Printed Electronic Using Traditional Graphic Arts Printing Technologies

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Abstract:

In order to drive the cost of electronics down, development towards alternative circuit fabrication technologies and tooling is needed which can circumvent the costly and time-consuming “batch-like” production processes associated with conventional solid-state, integrated circuit (IC) manufacturing. One practical approach is to invoke unconventional technologies capable of additive and continuous processes, such as those used in the graphic arts industry, along with solution based material systems to fabricate electrical devices of congruent functionality. The use of graphic arts printing technologies is an attractive solution since the existing infrastructure offers the potential for low-cost, high through-put electronics manufacturing.

Motorola Labs has leveraged traditional graphic arts printing technologies, along with commercially available electrically functional inks to fabricate multi-layered printed circuit prototypes onto flexible polymer substrates. Several printed electronic circuits, such as, inverters, ring-oscillators and logic blocks have been fabricated without the use of processes that require a cleanroom environment and evaporative material deposition. These printed circuits have the potential to create a portfolio of novel product applications where profit margins are highly sensitive to manufacturing costs and complex functionally is not required. The printing technologies and functional inks used to develop these circuits are discussed along with observed electrical performances.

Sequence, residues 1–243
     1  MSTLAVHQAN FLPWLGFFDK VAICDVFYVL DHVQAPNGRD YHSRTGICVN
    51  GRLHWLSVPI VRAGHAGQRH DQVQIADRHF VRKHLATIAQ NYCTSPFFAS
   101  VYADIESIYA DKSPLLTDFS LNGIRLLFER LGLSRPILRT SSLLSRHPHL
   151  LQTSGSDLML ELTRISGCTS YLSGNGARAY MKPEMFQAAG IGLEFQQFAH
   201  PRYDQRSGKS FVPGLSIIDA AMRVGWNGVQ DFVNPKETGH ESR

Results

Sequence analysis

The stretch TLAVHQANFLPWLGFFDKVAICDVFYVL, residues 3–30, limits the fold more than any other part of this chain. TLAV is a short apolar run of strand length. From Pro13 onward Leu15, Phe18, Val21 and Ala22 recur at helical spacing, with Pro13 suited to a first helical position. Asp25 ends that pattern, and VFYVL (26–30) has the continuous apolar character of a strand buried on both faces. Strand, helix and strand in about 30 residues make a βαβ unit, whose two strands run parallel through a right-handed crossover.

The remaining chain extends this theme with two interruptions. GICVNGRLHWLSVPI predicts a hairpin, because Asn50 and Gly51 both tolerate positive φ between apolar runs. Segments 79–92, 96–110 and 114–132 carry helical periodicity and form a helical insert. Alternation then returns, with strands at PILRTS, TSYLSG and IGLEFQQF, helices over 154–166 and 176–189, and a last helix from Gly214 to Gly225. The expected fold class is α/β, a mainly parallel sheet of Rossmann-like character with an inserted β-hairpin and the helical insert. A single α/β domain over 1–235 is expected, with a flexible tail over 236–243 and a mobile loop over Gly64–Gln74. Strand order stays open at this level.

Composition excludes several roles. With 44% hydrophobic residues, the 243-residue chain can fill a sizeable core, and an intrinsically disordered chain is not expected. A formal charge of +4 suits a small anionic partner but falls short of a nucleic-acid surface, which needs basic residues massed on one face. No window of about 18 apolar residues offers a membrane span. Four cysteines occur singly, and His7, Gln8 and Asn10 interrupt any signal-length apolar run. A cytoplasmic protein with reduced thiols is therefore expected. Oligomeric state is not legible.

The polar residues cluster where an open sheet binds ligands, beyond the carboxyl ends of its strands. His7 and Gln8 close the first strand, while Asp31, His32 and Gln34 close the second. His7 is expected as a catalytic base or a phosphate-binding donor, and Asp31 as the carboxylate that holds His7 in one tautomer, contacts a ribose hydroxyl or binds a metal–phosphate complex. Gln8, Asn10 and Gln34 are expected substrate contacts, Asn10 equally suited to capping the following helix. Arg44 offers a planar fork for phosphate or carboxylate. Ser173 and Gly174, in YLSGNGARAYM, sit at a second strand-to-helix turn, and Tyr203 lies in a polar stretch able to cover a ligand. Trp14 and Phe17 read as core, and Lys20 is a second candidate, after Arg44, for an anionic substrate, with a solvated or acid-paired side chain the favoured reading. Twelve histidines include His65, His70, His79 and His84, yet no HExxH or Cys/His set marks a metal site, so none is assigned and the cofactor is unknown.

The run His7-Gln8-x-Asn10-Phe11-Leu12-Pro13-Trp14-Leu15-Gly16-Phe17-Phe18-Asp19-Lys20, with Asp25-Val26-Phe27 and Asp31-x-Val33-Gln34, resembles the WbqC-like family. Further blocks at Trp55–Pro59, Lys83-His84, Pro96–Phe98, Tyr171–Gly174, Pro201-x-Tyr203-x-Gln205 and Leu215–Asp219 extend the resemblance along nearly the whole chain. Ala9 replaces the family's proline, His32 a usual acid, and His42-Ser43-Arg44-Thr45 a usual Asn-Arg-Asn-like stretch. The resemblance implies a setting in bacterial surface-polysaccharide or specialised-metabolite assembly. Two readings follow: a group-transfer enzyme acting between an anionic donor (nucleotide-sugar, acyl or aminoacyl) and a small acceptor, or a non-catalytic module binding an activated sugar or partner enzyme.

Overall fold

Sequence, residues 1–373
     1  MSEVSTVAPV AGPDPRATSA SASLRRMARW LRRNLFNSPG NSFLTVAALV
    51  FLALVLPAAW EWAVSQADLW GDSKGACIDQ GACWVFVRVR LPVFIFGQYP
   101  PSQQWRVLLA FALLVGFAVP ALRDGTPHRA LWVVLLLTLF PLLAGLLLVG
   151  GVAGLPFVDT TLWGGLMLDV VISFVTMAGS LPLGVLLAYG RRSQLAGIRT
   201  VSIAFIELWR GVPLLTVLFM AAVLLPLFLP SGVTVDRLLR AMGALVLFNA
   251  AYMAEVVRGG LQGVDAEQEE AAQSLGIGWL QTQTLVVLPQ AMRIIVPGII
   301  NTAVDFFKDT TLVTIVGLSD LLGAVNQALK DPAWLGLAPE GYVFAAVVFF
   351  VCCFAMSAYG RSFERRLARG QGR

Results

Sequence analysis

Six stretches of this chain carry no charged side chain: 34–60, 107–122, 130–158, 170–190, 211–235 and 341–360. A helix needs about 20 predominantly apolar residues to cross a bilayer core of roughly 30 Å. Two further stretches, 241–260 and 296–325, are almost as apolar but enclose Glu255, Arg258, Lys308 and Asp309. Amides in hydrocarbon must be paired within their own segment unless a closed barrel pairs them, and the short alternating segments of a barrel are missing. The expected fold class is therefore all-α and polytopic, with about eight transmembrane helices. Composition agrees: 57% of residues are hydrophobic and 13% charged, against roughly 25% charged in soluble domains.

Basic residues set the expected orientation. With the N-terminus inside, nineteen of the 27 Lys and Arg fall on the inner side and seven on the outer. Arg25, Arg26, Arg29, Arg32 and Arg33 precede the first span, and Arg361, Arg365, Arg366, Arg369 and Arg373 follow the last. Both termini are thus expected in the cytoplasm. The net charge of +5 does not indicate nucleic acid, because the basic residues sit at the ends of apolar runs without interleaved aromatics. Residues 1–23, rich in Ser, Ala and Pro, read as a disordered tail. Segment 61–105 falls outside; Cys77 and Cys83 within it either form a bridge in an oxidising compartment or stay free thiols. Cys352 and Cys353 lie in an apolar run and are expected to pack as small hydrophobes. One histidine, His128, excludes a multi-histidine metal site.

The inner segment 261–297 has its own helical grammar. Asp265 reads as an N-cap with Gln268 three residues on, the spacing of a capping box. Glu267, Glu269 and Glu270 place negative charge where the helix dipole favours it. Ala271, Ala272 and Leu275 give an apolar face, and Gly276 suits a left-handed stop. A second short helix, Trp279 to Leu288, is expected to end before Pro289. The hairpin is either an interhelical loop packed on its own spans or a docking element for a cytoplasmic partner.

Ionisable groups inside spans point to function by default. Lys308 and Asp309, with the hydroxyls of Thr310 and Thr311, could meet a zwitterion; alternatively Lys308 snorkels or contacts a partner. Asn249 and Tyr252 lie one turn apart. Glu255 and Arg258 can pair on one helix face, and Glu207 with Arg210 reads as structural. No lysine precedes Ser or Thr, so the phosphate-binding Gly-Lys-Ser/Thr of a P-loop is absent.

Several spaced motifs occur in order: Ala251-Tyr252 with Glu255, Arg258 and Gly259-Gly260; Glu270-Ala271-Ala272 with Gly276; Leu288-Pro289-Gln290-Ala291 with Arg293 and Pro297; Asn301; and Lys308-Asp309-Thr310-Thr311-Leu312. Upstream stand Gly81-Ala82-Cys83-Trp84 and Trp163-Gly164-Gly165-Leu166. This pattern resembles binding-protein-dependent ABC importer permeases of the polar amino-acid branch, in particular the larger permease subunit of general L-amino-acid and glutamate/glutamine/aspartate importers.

Document Type: Research Article

Publication date: January 1, 2005

More about this publication?
  • For more than 25 years, NIP has been the leading forum for discussion of advances and new directions in non-impact and digital printing technologies. A comprehensive, industry-wide conference, this meeting includes all aspects of the hardware, materials, software, images, and applications associated with digital printing systems, including drop-on-demand ink jet, wide format ink jet, desktop and continuous ink jet, toner-based electrophotographic printers, production digital printing systems, and thermal printing systems, as well as the engineering capability, optimization, and science involved in these fields.

    Since 2005, NIP has been held in conjunction with the Digital Fabrication Conference.
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